The years had not detracted from Omoboja’s beauty. If anything the maturity had only enhanced it. She had left as a young bud on the edge of womanhood and had returned sprouted into full bloom. It wasn’t long before news of the beautiful stranger spread across the villages. The news soon got to the king of Ogirriala and he remembered the thrice a year sojourn of the royal guards from Ajilenko to his domain in search of information about a woman as beautiful as the goddesses from heaven. He had Omoboja and her children – a little boy and girl and her accompanying traveler brought before him.
Looking upon the famed beauty, the king realized the reports had not been exaggerated. In fact the various descriptions he had heard did her no justice. He was tempted to keep her for himself but the knowledge that such a woman could not be kept hidden forever and if discovered, his deceit would almost certainly result in a war dissuaded him from such an action.
He welcomed Omoboja and her company into his palace and made her feel at home. While treated with all courtesy accorded a guest, she had no freedom to leave the palace. She was in effect, a prisoner. The king sent messengers to Oba Erinmade to announce the find of a jewel matching the description of his long lost flower.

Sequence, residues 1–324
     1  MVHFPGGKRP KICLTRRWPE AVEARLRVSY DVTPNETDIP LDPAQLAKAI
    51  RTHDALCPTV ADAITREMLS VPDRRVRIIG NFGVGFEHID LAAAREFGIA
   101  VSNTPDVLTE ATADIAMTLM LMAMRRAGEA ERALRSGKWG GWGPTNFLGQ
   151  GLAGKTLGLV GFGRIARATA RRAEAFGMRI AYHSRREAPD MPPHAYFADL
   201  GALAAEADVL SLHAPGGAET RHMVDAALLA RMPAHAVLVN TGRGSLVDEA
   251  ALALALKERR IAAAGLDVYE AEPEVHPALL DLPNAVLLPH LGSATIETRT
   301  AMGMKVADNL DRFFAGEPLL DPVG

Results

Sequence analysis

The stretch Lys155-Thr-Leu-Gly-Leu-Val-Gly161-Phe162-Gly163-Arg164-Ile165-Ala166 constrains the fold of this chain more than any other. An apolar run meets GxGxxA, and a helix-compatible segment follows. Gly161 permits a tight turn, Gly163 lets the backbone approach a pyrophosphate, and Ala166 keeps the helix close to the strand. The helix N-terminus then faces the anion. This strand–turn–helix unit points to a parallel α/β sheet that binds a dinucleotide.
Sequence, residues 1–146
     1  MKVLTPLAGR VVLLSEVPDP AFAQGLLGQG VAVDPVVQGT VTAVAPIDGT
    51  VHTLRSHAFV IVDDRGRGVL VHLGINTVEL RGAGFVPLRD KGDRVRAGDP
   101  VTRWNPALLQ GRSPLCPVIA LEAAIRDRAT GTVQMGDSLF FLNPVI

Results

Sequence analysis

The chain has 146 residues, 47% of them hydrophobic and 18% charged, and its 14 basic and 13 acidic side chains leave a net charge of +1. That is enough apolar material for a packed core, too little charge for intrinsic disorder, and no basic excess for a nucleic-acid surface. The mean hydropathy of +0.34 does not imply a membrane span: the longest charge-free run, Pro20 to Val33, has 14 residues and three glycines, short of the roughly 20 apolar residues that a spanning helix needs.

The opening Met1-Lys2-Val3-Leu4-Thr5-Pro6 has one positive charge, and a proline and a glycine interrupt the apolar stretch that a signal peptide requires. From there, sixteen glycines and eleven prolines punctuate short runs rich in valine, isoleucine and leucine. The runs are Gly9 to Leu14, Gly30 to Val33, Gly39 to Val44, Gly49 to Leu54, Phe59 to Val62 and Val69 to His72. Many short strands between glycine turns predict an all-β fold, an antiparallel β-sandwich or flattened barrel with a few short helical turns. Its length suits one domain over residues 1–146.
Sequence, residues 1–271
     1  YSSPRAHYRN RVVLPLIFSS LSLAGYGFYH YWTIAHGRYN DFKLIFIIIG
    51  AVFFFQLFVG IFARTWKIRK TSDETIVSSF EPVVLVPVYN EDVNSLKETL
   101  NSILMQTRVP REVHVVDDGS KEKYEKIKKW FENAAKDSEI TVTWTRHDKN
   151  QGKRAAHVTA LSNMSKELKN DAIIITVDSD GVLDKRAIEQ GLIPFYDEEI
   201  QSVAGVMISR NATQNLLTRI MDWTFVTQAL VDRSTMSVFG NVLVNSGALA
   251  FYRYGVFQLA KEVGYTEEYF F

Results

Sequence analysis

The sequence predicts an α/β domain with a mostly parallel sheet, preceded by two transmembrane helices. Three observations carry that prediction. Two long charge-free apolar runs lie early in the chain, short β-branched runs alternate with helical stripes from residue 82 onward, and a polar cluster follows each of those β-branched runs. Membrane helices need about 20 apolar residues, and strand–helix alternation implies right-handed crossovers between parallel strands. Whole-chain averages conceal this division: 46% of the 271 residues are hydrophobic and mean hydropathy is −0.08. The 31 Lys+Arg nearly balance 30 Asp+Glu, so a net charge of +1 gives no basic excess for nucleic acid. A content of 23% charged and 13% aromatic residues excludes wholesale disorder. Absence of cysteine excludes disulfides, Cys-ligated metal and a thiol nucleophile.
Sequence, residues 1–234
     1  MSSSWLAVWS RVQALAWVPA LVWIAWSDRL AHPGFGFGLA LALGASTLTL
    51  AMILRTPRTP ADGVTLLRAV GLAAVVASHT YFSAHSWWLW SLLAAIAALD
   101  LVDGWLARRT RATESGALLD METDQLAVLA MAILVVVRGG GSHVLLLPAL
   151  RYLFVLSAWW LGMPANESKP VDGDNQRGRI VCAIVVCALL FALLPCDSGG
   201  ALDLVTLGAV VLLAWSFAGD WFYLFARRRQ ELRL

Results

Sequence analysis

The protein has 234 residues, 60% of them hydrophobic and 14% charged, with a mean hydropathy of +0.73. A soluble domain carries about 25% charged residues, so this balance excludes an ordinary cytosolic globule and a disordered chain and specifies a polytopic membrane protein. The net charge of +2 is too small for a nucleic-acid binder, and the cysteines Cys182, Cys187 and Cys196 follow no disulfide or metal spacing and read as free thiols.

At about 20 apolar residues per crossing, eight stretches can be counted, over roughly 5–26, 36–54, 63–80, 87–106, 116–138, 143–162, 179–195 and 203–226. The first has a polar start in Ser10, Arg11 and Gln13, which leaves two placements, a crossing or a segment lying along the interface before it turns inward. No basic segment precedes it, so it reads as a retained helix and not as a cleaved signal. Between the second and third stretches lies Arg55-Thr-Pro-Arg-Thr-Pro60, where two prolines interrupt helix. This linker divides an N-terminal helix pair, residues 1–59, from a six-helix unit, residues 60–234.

The banked embers in Erinmade’s loins sprang into a raging inferno at the thought that the elusive prize might be at last within his grasp. He could not wait another moment. He summoned his guards and against all protests joined them in the journey across the river.
At last the two kings met in person after seven years of communicating through emissaries. The meeting though was understandably brief. It was obvious Oba Erinmade’s mind was on more pressing matters. The years of waiting and searching had finally been rewarded. Erinmade had got his Omoboja back!
Omoboja’s kind friend was handsomely rewarded and firmly placed on the road leading back to his own land with armed escorts. His own part in this story thus comes to an end.
Omoboja and Erinmade’s part on the other hand was just starting.
In the shortest time courteously possible, Oba Erinmade made his apologies and started back with Omoboja beside him full of anxiety, hope and trepidation. Halfway on the river, the king gave an order that revealed his not so forgiving spirit and showed Omoboja that she had made a serious error in returning home. Oba Erinmade ordered that Omoboja’s two children, a boy of six and a little girl of almost five years to be drowned.
The screaming mother was forcibly held down and she watched in pain wracked horror as her two precious off springs from her beloved Ihielele were held struggling under water till they drowned and their bodies then released for the fishes of the river to feast on. As the two little bodies drifted slowly into the river, Omoboja suddenly lapsed into a trance like stupor from which she would not emerge for a whole year.